The Hamburger Stadtderby last season was everything it shouldn’t have been, and left me convinced that I would be be grateful for HSV getting promoted and not having to deal with the same fixture next season. The macho posturing that had taken place, the complete overkill by police and the whimpering performance on the pitch which was encapsulated in Lasogga scoring and, if my nightmares remind me correctly remind me, ended running the length of the pitch to celebrate was hard to stomach. Somehow the HSV juggernaut had failed to gain promotion, but I was still convinced I wouldn’t attend the fixture this season for all of the factors that had spoilt it last time. Then the fixtures are released, and your heart rules your head and you’ve booked the flights, expecting the worst. Could it have been any worse than the last one? I’m not sure, but at least Lasogga wouldn’t be around.
But how do you begin to talk about last night? It was everything that the last stadtderby wasn’t. It was everything that St. Pauli fans couldn’t have even imagined in their wildest dreams.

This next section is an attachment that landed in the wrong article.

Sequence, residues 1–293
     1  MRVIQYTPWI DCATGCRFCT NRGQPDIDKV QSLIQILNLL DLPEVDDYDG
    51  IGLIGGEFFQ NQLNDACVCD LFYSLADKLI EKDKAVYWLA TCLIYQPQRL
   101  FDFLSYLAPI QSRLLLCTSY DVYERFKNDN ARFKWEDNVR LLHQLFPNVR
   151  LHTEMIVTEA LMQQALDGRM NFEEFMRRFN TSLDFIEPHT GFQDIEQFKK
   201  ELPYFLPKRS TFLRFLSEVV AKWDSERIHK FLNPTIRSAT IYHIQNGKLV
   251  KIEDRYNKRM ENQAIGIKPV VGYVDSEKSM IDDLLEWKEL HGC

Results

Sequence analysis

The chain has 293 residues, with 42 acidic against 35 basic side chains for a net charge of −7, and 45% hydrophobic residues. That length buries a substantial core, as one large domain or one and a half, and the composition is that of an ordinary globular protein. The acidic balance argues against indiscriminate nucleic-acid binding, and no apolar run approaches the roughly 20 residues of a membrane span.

Let’s start with the team. In contrast to last season, when the team had somehow found itself in a lofty league position and there was some expectation that the team were capable of handling an indifferent HSV side, as they had done in the 0-0 draw across the city. This season, the team have struggled to find any sense of form, hampered by injuries, a changing team and a lot of new faces. The lineup last night was one of unfamiliarity, Buballa the only face in the defence from last season, and the youthful inexperience of Becker and Conteh in midfield. But whilst the squad may have lacked previous experiences of the Derby, or even the Millerntor, it didn’t lack in passion, determination and a willingness to give everything for the team. From the 1st minute, HSV were rocked. Unable to cope with the pressure of the St. Pauli team who hounded them and forced them into mistakes, and when on the ball showed an idea of how to cause problems, even if at first it didn’t quite come together. For all the early effort, it hadn’t really resulted in any chances of note. But then from nowhere, the Dino was shocked by a Knoll thunderbolt from all of 30 yards, a shot hit so hard and so well that you almost expected hit to break the net if it reached it. The keeper managed to react and save well, but St. Pauli had dealt the first powerful punch of a fight, and didn’t look back. HSV were nervy under the pressure, and St. Pauli were soon threatening once again, seemingly aware of how they needed to capitalise on their early dominance whilst the Dino were struggling to find their feet. Suddenly, a cross finds Knoll free inside the box whose header somehow doesn’t go in, but Diamantakos dives in ahead of the outstretched defenders and the ball is in, and the stadium erupts like I’ve never heard before. I remember the description of Boll’s goal against the same opponents in 2011, and how it shuck the neighbourhood. Diamantakos had lifted the roof off the Millerntor and the whole district. Amongst the celebrations, my glasses had been knocked off my head and were now somewhere amongst the mass of people jumping, hugging and presenting everyone in reach with strong high-fives.